Dr. Jianzhou He
Dr. Dengjun Wang
Dr. Chunming Su
Guest Editors

Manuscript Submission Information

Manuscripts should be submitted online at www.mdpi.com by registering and logging in to this website. Once you are registered, click here to go to the submission form. Manuscripts can be submitted until the deadline. All submissions that pass pre-check are peer-reviewed. Accepted papers will be published continuously in the journal (as soon as accepted) and will be listed together on the special issue website. Research articles, review articles as well as short communications are invited. For planned papers, a title and short abstract (about 100 words) can be sent to the Editorial Office for announcement on this website.

Submitted manuscripts should not have been published previously, nor be under consideration for publication elsewhere (except conference proceedings papers). All manuscripts are thoroughly refereed through a single-blind peer-review process. A guide for authors and other relevant information for submission of manuscripts is available on the Instructions for Authors page. Toxics is an international peer-reviewed open access monthly journal published by MDPI.

Please visit the Instructions for Authors page before submitting a manuscript. The Article Processing Charge (APC) for publication in this open access journal is 1800 CHF (Swiss Francs). Submitted papers should be well formatted and use good English. Authors may use MDPI's English editing service prior to publication or during author revisions.

Keywords

  • fate and transport
  • colloids
  • nanomaterials
  • plastics
  • PFAS
  • porous media
  • mathmatical modeling
  • emerging contaminants

Published Papers (1 paper)

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Research

Article
Significant Mobility of Novel Heteroaggregates of Montmorillonite Microparticles with Nanoscale Zerovalent Irons in Saturated Porous Media
Toxics 2022, 10(6), 332; https://doi.org/10.3390/toxics10060332 - 17 Jun 2022
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Abstract
This study conducted laboratory column experiments to systematically examine the transport of novel heteroaggregates of montmorillonite (Mt) microparticles with nanoscale zerovalent irons (nZVIs) in saturated sand at solution ionic strengths (ISs) ranging from 0.001 to 0.2 M. Spherical nZVIs were synthesized using the [...] Read more.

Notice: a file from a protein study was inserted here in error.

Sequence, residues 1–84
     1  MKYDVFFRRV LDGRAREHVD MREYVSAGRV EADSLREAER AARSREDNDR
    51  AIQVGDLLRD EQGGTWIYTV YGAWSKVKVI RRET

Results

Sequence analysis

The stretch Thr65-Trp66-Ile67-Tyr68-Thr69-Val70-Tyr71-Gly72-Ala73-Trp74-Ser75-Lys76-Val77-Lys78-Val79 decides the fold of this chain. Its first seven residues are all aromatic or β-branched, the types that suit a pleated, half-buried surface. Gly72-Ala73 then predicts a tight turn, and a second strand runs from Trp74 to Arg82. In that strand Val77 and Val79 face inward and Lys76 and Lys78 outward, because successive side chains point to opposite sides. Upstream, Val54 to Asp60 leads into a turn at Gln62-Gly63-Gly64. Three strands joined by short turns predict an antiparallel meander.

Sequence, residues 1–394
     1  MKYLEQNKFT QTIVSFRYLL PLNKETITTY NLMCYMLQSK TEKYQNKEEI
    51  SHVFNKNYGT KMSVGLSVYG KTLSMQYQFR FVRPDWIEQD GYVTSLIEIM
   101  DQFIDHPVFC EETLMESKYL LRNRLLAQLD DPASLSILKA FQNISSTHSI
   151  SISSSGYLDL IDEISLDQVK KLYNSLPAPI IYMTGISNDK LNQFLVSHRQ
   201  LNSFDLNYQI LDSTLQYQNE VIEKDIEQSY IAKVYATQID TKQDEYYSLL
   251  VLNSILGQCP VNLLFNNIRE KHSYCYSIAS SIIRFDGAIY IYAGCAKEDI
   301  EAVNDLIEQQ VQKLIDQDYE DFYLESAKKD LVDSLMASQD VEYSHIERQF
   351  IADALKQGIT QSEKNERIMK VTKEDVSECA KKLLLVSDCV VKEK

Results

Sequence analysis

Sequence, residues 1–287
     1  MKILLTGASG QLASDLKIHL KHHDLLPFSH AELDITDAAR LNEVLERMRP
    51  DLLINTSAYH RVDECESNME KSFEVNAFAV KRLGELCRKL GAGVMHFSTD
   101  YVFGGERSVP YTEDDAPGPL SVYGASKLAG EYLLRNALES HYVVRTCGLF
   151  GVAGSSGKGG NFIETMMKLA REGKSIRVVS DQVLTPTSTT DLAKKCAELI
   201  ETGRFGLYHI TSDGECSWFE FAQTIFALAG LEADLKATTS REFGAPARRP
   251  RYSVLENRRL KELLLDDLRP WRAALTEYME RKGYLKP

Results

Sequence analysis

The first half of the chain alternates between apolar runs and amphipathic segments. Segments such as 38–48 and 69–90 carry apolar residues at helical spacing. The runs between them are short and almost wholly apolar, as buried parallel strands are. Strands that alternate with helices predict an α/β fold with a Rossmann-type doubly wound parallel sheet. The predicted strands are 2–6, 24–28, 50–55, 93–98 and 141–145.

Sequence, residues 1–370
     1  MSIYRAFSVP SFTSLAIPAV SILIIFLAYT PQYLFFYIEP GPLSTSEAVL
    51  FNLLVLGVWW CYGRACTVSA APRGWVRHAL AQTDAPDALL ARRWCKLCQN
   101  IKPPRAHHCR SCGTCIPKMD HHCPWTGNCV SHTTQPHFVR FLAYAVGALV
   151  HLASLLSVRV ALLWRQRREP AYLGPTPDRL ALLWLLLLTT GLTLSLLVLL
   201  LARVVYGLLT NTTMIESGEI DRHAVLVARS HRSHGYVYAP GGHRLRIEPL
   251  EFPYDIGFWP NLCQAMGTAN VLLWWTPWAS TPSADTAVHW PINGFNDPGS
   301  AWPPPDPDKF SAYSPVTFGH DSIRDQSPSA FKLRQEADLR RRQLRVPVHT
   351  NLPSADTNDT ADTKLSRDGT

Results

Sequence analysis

This study conducted laboratory column experiments to systematically examine the transport of novel heteroaggregates of montmorillonite (Mt) microparticles with nanoscale zerovalent irons (nZVIs) in saturated sand at solution ionic strengths (ISs) ranging from 0.001 to 0.2 M. Spherical nZVIs were synthesized using the liquid phase reduction method and were attached on the plate-shaped Mt surfaces in monolayer. While complete deposition occurred for nZVIs in sand, significant transport was observed for Mt-nZVI heteroaggregates at IS ≤ 0.01 M despite the transport decrease with an increasing loading concentration of nZVIs on Mt. The increased mobility of Mt-nZVI heteroaggregates was because the attractions between nZVIs and sand collectors were reduced by the electrostatic repulsions between the Mt and the collector surfaces, which led to a decreased deposition in the sand columns. Complete deposition occurred for the Mt-nZVI heteroaggregates at IS ≥ 0.1 M due to a favorable deposition at Derjaguin–Landau–Verwey–Overbeek (DLVO) primary energy minima. Interestingly, a large fraction of the deposited heteroaggregates was released by reducing IS because of a monotonic decrease of interaction energy with separation distance for the heteroaggregates at low ISs (resulting in repulsive forces), in contrast to the irreversible deposition of nZVIs. Therefore, the fabricated heteroaggregates could also have high mobility in subsurfaces with saline pore water through continuous capture and release using multiple injections of water with low ISs. Our study was the first to examine the transport of heteroaggregates of a plate-like particle with spherical nanoparticles in porous media; the results have important implications in the use of nanoscale zerovalent iron for in situ soil and groundwater remediation. Full article